The following story is highly unusual but may be of some interest to the submarine cable community.  It certainly is a serious matter and a blow to what has been a very valuable scientific research project. 

In December 2016, the GEOMAR Helmholtz Center for Ocean Research Kiel and the Helmholtz Center Geesthacht installed an observatory for environmental measurements on the seabed in a restricted area at the exit of Eckernförde Bay.

Apparently, the two 550- and 220-pound racks on August 21 were removed with great force from their position. The researchers found only the shredded submarine cable connecting the observatory to the shore. Now GEOMAR and HZG are hoping for clues to get the valuable devices back.

The name Boknis Eck has a good sound in marine research. Every month since 1957, environmental data such as temperature, salinity, nutrients, oxygen or chlorophyll have been collected at a specified position at the outlet of the Eckernförde Bay, allowing conclusions to be drawn about the state of the ecosystem of the south-western Baltic Sea. This makes Boknis Eck one of the oldest, still active marine science time series worldwide. In December 2016, the GEOMAR Helmholtz Center for Ocean Research Kiel, in cooperation with the Helmholtz Center Geesthacht (HZG), also installed an underwater observatory in a restricted area that has been continuously measuring additional parameters such as flow velocities and methane concentrations on the seabed.

This observatory has now disappeared. "On August 21st at 8:15 pm it stopped the data transmission," reports Boknis Eck coordinator Prof. Dr. med. Hermann Bange from GEOMAR, "At first we thought of a transmission error." But a diving mission last week revealed a much more serious situation. "The devices were gone, the divers could not find them anymore," says Bange.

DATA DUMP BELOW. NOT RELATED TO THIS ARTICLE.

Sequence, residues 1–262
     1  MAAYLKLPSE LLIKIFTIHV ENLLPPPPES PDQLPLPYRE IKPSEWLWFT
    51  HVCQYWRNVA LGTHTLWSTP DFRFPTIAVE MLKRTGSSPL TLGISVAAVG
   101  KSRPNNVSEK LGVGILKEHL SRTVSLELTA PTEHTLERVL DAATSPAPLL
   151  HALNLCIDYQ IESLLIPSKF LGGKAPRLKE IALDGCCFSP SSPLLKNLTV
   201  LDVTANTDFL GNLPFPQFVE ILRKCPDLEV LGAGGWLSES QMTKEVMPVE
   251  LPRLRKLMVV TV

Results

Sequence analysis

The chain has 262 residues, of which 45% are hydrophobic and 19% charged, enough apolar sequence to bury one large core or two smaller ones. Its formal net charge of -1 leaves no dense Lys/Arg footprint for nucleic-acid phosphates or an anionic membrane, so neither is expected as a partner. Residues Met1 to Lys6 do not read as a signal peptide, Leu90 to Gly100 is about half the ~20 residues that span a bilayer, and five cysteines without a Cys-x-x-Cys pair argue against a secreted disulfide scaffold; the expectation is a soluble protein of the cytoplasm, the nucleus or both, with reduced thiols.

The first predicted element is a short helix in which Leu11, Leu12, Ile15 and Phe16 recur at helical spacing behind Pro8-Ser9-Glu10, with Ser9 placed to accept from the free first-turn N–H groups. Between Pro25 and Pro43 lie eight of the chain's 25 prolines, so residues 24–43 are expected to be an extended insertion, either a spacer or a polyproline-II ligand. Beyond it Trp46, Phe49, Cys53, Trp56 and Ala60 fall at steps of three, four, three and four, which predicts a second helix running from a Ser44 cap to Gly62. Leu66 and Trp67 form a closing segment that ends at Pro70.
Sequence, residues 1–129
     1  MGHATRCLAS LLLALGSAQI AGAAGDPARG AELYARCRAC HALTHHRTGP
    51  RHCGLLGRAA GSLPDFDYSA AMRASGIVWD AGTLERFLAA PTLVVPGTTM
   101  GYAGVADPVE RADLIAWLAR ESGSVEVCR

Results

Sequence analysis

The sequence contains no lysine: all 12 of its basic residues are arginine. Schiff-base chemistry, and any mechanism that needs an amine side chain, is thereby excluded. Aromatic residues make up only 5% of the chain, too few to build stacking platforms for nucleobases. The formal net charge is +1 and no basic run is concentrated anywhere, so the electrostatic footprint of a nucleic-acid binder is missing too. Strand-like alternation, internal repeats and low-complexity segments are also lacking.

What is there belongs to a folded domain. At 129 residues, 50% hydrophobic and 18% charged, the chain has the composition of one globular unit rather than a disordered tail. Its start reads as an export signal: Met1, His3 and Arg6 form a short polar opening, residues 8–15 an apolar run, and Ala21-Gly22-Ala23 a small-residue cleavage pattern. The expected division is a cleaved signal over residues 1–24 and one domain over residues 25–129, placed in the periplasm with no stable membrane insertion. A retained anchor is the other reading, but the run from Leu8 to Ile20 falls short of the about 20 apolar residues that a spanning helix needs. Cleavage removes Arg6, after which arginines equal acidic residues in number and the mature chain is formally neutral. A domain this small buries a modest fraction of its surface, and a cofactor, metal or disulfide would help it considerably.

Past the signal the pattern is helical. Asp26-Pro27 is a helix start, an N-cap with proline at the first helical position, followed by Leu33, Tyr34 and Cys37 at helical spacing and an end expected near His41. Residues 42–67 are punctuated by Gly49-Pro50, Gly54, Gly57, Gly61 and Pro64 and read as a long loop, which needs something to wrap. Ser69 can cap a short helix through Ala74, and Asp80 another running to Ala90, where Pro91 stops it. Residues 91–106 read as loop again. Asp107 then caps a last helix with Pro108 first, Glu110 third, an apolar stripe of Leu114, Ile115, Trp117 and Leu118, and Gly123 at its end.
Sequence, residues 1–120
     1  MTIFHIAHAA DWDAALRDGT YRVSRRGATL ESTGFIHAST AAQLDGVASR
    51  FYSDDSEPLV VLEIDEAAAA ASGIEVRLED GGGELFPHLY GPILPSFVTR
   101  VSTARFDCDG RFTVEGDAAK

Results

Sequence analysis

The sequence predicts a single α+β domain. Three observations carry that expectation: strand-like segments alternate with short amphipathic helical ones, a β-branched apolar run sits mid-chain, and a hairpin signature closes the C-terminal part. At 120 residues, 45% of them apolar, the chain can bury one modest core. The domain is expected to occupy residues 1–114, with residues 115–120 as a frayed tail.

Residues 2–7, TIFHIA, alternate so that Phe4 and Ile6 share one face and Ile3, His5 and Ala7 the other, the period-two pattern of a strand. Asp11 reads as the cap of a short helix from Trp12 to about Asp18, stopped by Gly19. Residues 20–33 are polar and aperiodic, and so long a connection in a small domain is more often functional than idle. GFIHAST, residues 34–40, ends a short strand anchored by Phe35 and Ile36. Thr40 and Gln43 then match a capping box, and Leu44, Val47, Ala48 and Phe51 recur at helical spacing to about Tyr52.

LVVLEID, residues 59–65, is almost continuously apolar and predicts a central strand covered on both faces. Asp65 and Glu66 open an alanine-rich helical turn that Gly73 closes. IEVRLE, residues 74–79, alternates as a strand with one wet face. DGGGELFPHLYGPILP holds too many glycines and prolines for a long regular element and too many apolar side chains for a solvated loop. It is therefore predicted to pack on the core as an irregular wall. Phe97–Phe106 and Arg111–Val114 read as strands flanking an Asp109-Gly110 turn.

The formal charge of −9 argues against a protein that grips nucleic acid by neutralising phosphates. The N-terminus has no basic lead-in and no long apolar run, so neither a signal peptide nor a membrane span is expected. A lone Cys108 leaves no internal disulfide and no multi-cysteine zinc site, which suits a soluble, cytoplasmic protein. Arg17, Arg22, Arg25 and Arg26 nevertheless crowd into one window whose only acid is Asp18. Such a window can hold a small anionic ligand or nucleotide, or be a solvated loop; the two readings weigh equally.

The Boknis Eck Observatory consists of two desk-sized racks. One is responsible for the power supply of the plant and connected by a cable to the coast. The other frame carries the actual sensors. "When the divers reached the bottom of the sea last week at the observatory's location, they found only the torn off land cable. It was completely shredded," continues Professor Bange.

Since the racks each weigh around 520 and 220 kilograms and the cable connections are extremely massive, storms, currents or marine animals have been ruled out as the culprits.

"At first, we tried to find the devices with our own research and other diving applications. So far without success. That's why we would be very happy about the hints. Maybe someone saw something on the morning of 21 August at the Sperrgebiet 'Hausgarten' near the Hökholz campsite. Or someone finds parts of the frames somewhere on the beach," says Professor Bange. Meanwhile, the criminal police in Eckernförde are on the case.

The underwater observatory at Boknis Eck in its last configuration cost around 300,000 euros. "However, the data that we collect is downright priceless. They help research to register changes in the Baltic Sea and possibly take countermeasures. Therefore, we will try to get the observatory back up and running as soon as possible," emphasizes the Boknis-Eck coordinator.